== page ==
Eugène Emmanuel Viollet-le-Duc (January 27, 1814 – September 17, 1879) was a French architect and theorist, famous for his “restorations” of medieval buildings. Born in Paris, he was as central a figure in the Gothic Revival in France as he was in the public discourse on “honesty” in architecture, which eventually transcended all revival styles, to inform the emerging spirit of Modernism.
In the early 1830s, the beginnings of a movement for the restoration of medieval buildings appeared in France. Viollet-le-Duc, returning in 1835 from a study trip to Italy, was commissioned by Prosper Merimée to restore the Romanesque abbey of Vézelay. This work marked the beginning of a long series of restorations; Viollet-le-Duc’s restorations at Notre Dame de Paris brought him national attention. His other main works include Mont St-Michel, Carcassonne, Roquetaillade castle and Pierrefonds.
Viollet-le-Duc’s “restorations” frequently combined historical fact with creative modification. For example, under his supervision, Notre Dame was not only cleaned and restored but also “updated,” gaining its distinctive third tower (a type of flèche) in addition to other smaller changes. Another of his most famous restorations, the medieval fortified town of Carcassonne, was similarly enhanced.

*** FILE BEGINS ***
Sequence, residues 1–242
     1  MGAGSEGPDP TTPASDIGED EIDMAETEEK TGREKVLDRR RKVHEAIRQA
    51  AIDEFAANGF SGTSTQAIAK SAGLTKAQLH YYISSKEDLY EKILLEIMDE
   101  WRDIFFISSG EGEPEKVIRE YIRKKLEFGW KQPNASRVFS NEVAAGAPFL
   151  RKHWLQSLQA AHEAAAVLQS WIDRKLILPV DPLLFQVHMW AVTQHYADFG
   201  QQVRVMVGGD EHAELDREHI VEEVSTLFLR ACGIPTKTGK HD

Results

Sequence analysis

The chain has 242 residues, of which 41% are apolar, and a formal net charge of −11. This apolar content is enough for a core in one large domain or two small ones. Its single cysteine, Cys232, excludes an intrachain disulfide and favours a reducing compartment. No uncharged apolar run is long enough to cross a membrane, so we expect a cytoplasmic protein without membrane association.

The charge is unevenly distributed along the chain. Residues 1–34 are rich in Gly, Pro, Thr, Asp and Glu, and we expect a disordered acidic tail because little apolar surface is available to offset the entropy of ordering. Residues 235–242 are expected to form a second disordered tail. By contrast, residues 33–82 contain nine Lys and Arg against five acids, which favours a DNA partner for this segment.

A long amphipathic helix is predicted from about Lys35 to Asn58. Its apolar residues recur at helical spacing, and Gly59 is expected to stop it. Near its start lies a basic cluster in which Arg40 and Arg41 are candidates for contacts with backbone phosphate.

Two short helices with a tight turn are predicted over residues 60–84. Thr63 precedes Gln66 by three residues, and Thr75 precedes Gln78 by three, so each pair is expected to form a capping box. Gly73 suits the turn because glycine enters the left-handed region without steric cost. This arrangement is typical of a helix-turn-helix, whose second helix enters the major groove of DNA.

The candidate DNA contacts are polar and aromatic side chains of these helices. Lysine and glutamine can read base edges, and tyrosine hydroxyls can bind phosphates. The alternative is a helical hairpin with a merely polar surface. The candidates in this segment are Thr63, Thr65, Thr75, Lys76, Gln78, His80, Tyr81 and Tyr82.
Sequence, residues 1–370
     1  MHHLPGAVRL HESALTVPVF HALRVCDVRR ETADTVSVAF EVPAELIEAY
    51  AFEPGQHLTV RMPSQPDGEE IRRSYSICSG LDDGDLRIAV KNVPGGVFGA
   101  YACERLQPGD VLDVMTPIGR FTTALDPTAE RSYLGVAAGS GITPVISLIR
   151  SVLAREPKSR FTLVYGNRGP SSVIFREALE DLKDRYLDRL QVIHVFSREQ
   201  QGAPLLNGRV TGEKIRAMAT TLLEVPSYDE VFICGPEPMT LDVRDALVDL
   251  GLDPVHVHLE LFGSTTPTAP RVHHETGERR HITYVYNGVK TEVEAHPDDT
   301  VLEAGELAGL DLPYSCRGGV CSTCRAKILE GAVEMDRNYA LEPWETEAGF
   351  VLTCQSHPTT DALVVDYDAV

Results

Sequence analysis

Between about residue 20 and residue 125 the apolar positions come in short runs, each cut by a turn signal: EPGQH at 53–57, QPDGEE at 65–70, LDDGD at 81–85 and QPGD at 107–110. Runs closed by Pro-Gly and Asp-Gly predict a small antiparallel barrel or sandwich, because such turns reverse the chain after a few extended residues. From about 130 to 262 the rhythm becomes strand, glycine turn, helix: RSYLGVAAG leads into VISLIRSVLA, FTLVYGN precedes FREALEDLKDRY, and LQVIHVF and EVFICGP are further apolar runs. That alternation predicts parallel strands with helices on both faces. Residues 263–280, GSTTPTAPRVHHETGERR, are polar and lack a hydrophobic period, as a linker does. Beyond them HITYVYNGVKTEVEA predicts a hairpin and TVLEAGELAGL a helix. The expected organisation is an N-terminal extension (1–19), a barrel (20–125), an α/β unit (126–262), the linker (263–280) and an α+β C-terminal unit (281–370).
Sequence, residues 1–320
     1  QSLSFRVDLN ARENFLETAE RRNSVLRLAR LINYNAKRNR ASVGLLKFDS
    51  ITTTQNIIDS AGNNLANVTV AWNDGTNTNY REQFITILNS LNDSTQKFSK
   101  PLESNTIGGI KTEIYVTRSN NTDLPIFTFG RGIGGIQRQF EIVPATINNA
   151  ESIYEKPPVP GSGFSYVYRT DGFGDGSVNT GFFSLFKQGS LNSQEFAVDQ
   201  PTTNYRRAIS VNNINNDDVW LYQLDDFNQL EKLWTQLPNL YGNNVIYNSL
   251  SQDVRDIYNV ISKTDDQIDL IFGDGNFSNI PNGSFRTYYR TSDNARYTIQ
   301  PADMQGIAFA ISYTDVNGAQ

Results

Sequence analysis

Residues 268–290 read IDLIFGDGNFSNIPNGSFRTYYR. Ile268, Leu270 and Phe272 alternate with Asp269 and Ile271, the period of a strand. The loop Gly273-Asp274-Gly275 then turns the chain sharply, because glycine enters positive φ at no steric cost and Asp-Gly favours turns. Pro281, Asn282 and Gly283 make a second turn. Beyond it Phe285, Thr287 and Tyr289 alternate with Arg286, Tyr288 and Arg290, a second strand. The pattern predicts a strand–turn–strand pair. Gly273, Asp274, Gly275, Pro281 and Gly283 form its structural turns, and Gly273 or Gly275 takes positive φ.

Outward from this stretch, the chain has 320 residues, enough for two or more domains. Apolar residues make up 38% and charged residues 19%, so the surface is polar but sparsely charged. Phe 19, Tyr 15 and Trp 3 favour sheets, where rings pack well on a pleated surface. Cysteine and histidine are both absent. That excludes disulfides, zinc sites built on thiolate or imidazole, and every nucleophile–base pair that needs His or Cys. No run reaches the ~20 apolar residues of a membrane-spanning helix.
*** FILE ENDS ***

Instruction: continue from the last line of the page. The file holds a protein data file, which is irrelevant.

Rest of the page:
At the same time, in the cultural atmosphere of the Second Empire theory necessarily became diluted in practice, and messages were mixed: Viollet-le-Duc provided a Gothic reliquary for the relic of the Crown of Thorns at Notre-Dame in 1862, and yet Napoleon III also commissioned designs for a luxuriously appointed railway carriage from Viollet-le-Duc, in 14th-century Gothic style (Exhibition 1965).
Among his restorations were:
St.Martin, Clamecy (Nievre)
Notre-Dame de Paris
Sainte-Chapelle, in Paris (under Felix Duban)
Saint Denis Basilica, near Paris
Saint-Louis, in Poissy, France
Saint-Nazaire, in Carcassonne, France
Saint-Sernin, in Toulouse, France
Notre-Dame de Lausanne, Switzerland
Town Halls :
Roquetaillade, in Bordeaux
Fortified city of Carcassonne
Château de Coucy
Antoing in Belgium
Château de Vincennes, Paris
referenced from: http://en.wikipedia.org/wiki/Viollet-le-Duc